As part of the PPMV knowledge assessment, PPMVs were asked how they would diagnose and treat three suspect uncomplicated malaria cases: a child, an adult man and a pregnant woman. Less than 10% of PPMVs stated that they would take a blood sample or use an RDT to diagnose malaria (Table 5). The proportion was highest for an adult male case (7.5%) and lowest for a child (1.9%). Over half of PPMVs stated they would treat adult male (65.0%) and child (58.1%) malaria cases with an artemisinin-based combination. However, when asking what dose they would provide, the proportion who reported the correct treatment and dose fell to 46.9% and 33.1% for an adult male and a child, respectively.
Table 5

Malaria diagnosis and treatment case studies

Case studies

Oyo

Bayelsa

Total

N = 160

N (%)

Ibarapa East

N = 40

Kajola

N = 40

Brass

N = 40

Ogbia

N = 40

N (%)

N (%)

N (%)

N (%)

Treatment of child under 5

 Diagnosis method

  Blood sample/RDT

0 (0.0)

0 (0.0)

2 (5.0)

1 (2.5)

3 (1.9)

  Temperature with hand

28 (70.0)

18 (45.0)

10 (25.0)

9 (22.5)

65 (40.6)

  Temperature with thermometer

3 (7.5)

12 (30.0)

19 (47.5)

23 (57.5)

57 (35.6)

  Refer to health facility

3 (7.5)

4 (10.0)

1 (2.5)

2 (5.0)

10 (6.3)

  No diagnosis method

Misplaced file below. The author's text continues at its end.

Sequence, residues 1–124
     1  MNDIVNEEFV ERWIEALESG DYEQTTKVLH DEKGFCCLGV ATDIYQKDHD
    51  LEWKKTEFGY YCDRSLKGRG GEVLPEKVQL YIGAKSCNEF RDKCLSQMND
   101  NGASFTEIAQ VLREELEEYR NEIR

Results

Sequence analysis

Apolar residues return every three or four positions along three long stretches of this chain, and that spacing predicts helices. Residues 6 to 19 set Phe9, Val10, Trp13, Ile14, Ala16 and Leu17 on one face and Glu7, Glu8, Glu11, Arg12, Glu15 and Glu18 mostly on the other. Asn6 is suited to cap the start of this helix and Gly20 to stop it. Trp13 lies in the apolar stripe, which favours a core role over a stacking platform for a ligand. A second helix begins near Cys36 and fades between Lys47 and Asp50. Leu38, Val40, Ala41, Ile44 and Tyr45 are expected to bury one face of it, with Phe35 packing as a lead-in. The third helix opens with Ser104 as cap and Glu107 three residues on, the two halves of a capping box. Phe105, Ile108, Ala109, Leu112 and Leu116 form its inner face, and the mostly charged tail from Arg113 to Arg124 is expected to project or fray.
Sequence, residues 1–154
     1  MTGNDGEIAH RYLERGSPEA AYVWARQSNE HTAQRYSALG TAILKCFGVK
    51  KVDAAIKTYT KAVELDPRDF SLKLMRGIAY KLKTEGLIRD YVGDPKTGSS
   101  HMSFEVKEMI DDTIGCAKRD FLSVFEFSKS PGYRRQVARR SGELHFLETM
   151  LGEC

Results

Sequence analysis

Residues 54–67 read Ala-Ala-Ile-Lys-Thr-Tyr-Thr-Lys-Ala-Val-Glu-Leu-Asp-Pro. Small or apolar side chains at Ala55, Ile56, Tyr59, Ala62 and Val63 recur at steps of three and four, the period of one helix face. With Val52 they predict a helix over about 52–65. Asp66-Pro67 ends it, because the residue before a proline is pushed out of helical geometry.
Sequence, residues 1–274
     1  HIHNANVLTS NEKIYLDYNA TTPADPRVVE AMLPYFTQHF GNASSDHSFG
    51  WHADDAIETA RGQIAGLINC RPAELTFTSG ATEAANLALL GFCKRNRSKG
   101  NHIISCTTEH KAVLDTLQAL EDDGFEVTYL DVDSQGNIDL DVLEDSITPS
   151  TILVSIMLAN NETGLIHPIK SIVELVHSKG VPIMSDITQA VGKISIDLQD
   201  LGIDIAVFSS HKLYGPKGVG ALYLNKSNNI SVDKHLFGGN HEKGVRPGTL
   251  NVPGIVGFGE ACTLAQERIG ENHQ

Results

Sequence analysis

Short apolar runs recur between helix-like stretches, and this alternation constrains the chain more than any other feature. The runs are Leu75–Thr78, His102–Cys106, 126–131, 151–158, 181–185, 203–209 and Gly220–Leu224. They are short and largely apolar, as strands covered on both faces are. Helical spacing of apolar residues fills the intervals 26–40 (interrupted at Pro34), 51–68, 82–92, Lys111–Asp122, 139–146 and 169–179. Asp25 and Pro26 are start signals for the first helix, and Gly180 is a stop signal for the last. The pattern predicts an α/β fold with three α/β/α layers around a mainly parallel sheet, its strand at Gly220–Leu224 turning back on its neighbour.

0 (0.0)

0 (0.0)

2 (5.0)

0 (0.0)

2 (1.3)

  Others

6 (15.0)

6 (15.0)

6 (15.0)

5 (12.5)

23 (14.4)

 Treatment

  Treatment with ACT

21 (52.5)

23 (57.5)

21 (52.5)

28 (70.0)

93 (58.1)

  Treatment with ACT and dosage correct

9 (22.5)

8 (20.0)

17 (42.5)

19 (47.5)

53 (33.1)

Adult male

 Diagnosis method

  Blood sample/RDT

0 (0.0)

2 (5.0)

3 (7.5)

7 (17.5)

12 (7.5)

  Temperature with hand

14 (35.0)

9 (22.5)

6 (15.0)

2 (5.0)

31 (19.4)

  Temperature with thermometer

7 (17.5)

11 (27.5)

0 (0.0)

0 (0.0)

18 (11.3)

  Refer to health facility

4 (10.0)

4 (10.0)

18 (45.0)

18 (45.0)

44 (27.5)

  Others

15 (37.5)

14 (35.0)

13 (32.5)

13 (32.5)

55 (34.4)

 Treatment

  Treatment with ACT

22 (55.0)

19 (47.5)

32 (80.0)

31 (77.5)

104 (65.0)

  Treatment with ACT and dosage correct

12 (30.0)

10 (25.0)

27 (67.5)

26 (65.0)

75 (46.9)

Pregnant woman, 2nd trimester

 Diagnosis method

  Blood sample/RDT

2 (5.0)

0 (0.0)

0 (0.0)

3 (7.5)

5 (3.1)

  Temperature with hand

7 (17.5)

2 (5.0)

2 (5.0)

2 (5.0)

13 (8.1)

  Temperature with thermometer

6 (15.0)

18 (45.0)

8 (20.0)

17 (42.5)

49 (30.6)

  Refer to health facility

14 (35.0)

9 (22.5)

26 (65.0)

11 (27.5)

60 (37.5)

  Others

11 (27.5)

11 (27.5)

4 (10.0)

7 (17.5)

33 (20.6)

 Treatment

  Treatment with ACT 

9 (22.5)

22 (55.0)

3 (7.5)

7 (17.5)

41 (25.6)

  Treatment with ACT and dosage correct

5 (12.5)

10 (25.0)

1 (2.5)

6 (15.0)

22 (13.8)

 Prevention

  What would you give to a pregnant woman to prevent malaria, if anything?

   Treatment with SP

4 (10.0)

14 (35.0)

8 (20.0)

8 (20.0)

34 (21.3)

   Treatment with SP and dosage correct

1 (2.5)

6 (15.0)

6 (15.0)

6 (15.0)

19 (11.9)

For pregnant women in their second trimester, PPMVs were less likely to state that they would treat them with ACT (25.6%) and use the correct dose (13.9%). Notably, knowledge of how to treat a pregnant woman for malaria falls far below knowledge for children under five and adult men. Finally, when asked what they would provide to a pregnant woman to prevent malaria, only 34 (21.3%) reported that they would give sulfadoxine–pyrimethamine (SP) and 19 (11.9%) knew to give SP at the correct dosage.

Discussion